Our evening flight from Abu Dhabi to Riyadh rounds the Qatar peninsula and shortly afterwards gives us a wonderful view of the sea of lights marking clearly the contours of the island of Bahrain and the causeway connecting it with the Saudi coast. Soon we enter Saudi airspace and descend into Riyadh. In Riyadh, immigration procedures are remarkably smooth and in no time we are heading to the hotel for the night.
Having been told at the hotel reception desk that the Kingdom Tower opens at 9am, we're there on time to start our day. In fact, the building, a skyscraper landmark in the form of two tall spines connected by a sky bridge, opens only at 11am. So, we decide to come back later. Through chaotic traffic a taxi gets us to the old downtown area, dusty, busy and overall as chaotic as the city's traffic. We wander by the restored Bab Thumairi, a souq close by and Dira square, nastily reputed as the scene of Riyadh's beheadings and therefore also known as "chop chop square". Adjacent to it stands a modern and elegant mosque. Also in the immediate surroundings, we visit the Masmak Fort, nicely restored and housing a very interesting display of Riyadh's history. The taxi driver we hire never finds the Murabba Fort, apparently 2km to the North. Tired of driving around and around, in heavy traffic made even worse by a rain shower, we finally return to the Kingdom Tower. It is now 2pm, but apparently it’s closed down for the day again in the meantime. We'll give it another try next week, when we're back in Riyadh. For now, it's back to the airport for our flight to Jeddah.
Jeddah is cosmopolitan, open to the sea and the world, visibly exposed since ever to outside influence. Jeddah deals with the outside world with a flair and ease, that Riyadh obviously does not master. You feel this immediately in the street atmosphere and in the way local people are accessible for a chat or a mutual greeting. It’s day and night with Riyadh, which we frankly did not really like that much anyway.
A walk through Balad, Jeddah's old city centre, is an absolute treat with its multitude of merchant houses adorned with the delicate wooden maze of balconies, hanging from their tall, whitewashed façades. Balad convincingly betrays Jeddah’s historical grandeur as the main trading centre on the Red Sea coast.
The air is hot and full of humidity. A lunch and, more importantly, airco stop in the Intercontinental Hotel at the Corniche help us recover from the long walk through the Balad area. Afterwards we go off again for a stroll along the line of modern statues that are dotted over the entire length of Jeddah's seafront. Definitely not all, but at least some of the statues are quite tasteful and nice. The sea breeze does little to cool down the shadowless corniche, so once we reach the elegant white mosque by the sea, we quit and call it a day. A shower, a set of fresh clothes and an icecream at our hotel ready us for our 8pm flight to Medina.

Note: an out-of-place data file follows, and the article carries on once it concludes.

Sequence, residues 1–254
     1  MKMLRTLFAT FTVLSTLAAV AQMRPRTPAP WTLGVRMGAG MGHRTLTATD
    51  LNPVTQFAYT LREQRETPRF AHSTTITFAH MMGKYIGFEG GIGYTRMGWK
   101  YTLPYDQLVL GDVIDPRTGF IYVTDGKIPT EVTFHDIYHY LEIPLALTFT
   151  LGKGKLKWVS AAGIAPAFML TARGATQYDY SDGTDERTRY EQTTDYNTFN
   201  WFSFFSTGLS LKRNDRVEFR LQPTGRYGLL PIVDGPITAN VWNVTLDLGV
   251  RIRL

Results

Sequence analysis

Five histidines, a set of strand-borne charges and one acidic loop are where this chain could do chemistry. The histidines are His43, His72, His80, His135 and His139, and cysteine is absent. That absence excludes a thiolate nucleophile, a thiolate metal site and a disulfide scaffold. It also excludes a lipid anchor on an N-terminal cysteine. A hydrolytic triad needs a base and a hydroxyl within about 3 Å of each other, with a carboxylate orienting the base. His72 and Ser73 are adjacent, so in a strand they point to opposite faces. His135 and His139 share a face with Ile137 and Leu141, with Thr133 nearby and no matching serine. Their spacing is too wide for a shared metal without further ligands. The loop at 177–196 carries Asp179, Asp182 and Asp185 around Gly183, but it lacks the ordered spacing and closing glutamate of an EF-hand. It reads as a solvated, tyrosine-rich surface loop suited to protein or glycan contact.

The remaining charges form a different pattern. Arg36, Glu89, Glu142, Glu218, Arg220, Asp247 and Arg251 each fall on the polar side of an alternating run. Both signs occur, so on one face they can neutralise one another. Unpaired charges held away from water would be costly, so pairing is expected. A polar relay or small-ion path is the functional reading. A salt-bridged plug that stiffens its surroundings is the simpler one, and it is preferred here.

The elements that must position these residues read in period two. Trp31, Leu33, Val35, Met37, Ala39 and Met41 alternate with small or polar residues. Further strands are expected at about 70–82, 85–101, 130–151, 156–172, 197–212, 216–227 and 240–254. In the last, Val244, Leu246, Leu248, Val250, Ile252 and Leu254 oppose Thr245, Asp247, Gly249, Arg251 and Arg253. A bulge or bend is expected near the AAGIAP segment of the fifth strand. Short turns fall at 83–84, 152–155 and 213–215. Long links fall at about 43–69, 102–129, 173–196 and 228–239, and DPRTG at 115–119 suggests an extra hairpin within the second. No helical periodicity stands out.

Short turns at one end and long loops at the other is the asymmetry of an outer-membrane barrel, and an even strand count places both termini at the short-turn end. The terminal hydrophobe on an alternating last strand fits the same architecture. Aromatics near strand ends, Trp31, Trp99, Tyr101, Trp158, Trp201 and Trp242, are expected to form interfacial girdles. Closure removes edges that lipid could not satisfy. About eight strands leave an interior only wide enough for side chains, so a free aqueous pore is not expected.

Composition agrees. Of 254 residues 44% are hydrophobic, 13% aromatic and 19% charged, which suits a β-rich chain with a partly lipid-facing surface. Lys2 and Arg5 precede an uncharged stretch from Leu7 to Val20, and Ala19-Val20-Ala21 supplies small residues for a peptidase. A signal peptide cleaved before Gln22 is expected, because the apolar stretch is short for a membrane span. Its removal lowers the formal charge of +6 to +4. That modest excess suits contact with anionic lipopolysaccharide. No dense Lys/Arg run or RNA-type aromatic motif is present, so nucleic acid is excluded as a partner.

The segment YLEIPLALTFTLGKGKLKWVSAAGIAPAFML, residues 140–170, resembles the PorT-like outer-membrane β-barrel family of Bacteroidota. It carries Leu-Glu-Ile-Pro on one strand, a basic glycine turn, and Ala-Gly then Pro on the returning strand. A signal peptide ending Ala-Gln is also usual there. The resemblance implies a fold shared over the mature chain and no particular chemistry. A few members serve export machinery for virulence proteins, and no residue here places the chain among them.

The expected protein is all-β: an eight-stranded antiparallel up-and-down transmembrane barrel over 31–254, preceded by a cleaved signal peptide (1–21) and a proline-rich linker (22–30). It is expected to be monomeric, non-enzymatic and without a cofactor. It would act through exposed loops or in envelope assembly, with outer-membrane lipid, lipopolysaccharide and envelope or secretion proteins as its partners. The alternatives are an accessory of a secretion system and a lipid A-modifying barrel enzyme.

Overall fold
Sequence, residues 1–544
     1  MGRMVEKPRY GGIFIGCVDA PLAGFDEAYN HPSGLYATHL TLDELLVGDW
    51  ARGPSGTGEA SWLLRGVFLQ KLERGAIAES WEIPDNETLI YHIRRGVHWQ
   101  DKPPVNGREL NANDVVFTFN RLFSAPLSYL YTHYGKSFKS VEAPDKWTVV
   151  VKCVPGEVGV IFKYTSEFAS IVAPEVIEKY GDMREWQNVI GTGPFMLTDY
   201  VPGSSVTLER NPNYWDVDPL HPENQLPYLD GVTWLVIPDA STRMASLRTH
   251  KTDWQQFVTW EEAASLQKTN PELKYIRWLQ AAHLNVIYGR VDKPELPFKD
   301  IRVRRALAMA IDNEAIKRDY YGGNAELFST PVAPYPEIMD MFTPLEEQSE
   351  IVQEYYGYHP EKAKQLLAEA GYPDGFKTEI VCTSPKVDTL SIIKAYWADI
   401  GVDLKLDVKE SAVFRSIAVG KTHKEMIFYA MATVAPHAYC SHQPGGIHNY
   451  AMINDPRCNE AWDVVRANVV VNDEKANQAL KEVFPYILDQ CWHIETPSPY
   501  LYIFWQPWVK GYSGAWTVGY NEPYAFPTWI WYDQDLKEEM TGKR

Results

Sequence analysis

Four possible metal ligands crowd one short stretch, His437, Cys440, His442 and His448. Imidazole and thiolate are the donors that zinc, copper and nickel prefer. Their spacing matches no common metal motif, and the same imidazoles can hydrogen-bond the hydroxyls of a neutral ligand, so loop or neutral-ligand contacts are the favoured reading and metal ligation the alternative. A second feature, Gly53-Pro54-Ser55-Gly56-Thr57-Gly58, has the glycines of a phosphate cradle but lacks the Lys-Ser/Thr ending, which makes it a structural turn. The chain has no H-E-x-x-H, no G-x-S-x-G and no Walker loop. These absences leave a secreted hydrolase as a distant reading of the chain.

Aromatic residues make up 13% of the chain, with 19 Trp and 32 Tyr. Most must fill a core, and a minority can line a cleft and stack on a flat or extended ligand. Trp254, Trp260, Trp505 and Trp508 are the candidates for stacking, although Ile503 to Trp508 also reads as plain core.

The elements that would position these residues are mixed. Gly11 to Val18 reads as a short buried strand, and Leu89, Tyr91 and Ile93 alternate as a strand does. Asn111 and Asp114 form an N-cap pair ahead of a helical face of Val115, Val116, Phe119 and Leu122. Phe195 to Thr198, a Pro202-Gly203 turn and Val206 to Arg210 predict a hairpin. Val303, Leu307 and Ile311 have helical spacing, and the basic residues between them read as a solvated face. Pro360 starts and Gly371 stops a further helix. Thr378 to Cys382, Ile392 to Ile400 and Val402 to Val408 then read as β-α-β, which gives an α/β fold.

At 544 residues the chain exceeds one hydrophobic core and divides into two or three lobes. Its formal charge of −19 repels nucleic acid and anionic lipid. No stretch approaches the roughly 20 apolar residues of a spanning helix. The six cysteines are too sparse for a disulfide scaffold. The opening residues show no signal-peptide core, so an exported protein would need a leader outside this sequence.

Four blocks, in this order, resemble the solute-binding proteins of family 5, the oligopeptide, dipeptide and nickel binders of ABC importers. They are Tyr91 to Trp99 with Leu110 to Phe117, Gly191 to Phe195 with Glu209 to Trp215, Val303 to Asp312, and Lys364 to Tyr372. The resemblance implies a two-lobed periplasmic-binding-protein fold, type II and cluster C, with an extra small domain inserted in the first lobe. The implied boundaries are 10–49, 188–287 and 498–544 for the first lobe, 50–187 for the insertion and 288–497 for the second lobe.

From Medina to Mada'in Saleh
I suppose Medina must be quite interesting to visit, but we're Christians and are not allowed into town. So be it. The plan for today is thus to ignore Medina and to hit the road immediately, Northbound, to Mada'in Saleh.
Underway we were supposed to visit the Hejaz Railway station of Buwayr, where an entire train with engine and ten wagons still stand on the rails, now rusted, but a century back constructed by the Ottoman Turks to connect Damascus to Medina. The railway was inaugurated in 1908, but was never properly in operation: on account of British strategic interests T.E. Lawrence and his beduin rebels saw to that during the Great War, sabotaging, attacking, destroying the Turkish military convoys that used the Hejaz railway. Just like the Hejaz Railway did not work out for the Turks, neither does the visit to Buwayr station for us. At the origin of this are security reasons of modern days, the fear for random terror attacks prompting authorities to make us cancel the Buwayr detour. Too bad, but we have to take it as it comes.
So, from Medina we travel more or less straight to Mada'in Saleh, apart from two brief stops at minor Hejaz railway stations along our road. We check into our hotel in Al Ula, near Mada’in Saleh around 1pm. It is really “our” hotel, as we seem to be the only guests.
After lunch and some rest in the hotel, our Saudi guide takes us through a bit of a sandstorm to the impressing sandstone rock formations surrounding Al Ula: Elephant Rock, steep pinnacles scattered over the sand and lava desert, sharply edged ridges that remind us of the American South West, and finally some early age Nabataean tombs and inscriptions. We are merely gearing up for tomorrow's highlight, says the guide, but we are frankly quite impressed already by the beauty of the scenery.